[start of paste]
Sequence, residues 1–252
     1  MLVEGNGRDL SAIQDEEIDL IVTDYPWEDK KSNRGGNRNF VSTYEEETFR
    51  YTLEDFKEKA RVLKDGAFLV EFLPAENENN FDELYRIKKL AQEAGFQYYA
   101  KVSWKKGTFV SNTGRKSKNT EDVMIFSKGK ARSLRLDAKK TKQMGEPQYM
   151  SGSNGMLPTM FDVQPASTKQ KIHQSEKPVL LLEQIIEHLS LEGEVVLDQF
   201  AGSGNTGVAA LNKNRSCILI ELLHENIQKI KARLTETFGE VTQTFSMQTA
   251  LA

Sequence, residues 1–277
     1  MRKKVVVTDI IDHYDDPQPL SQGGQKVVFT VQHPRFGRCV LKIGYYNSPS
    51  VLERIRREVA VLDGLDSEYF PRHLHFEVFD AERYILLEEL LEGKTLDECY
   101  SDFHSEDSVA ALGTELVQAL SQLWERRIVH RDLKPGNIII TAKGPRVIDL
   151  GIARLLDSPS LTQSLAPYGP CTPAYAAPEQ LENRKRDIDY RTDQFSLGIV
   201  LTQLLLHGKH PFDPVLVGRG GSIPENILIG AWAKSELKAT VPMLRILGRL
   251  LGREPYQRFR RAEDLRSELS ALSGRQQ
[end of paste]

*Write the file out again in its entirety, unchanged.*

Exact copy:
Sequence, residues 1–252
     1  MLVEGNGRDL SAIQDEEIDL IVTDYPWEDK KSNRGGNRNF VSTYEEETFR
    51  YTLEDFKEKA RVLKDGAFLV EFLPAENENN FDELYRIKKL AQEAGFQYYA
   101  KVSWKKGTFV SNTGRKSKNT EDVMIFSKGK ARSLRLDAKK TKQMGEPQYM
   151  SGSNGMLPTM FDVQPASTKQ KIHQSEKPVL LLEQIIEHLS LEGEVVLDQF
   201  AGSGNTGVAA LNKNRSCILI ELLHENIQKI KARLTETFGE VTQTFSMQTA
   251  LA

Sequence, residues 1–277
     1  MRKKVVVTDI IDHYDDPQPL SQGGQKVVFT VQHPRFGRCV LKIGYYNSPS
    51  VLERIRREVA VLDGLDSEYF PRHLHFEVFD AERYILLEEL LEGKTLDECY
   101  SDFHSEDSVA ALGTELVQAL SQLWERRIVH RDLKPGNIII TAKGPRVIDL
   151  GIARLLDSPS LTQSLAPYGP CTPAYAAPEQ LENRKRDIDY RTDQFSLGIV
   201  LTQLLLHGKH PFDPVLVGRG GSIPENILIG AWAKSELKAT VPMLRILGRL
   251  LGREPYQRFR RAEDLRSELS ALSGRQQ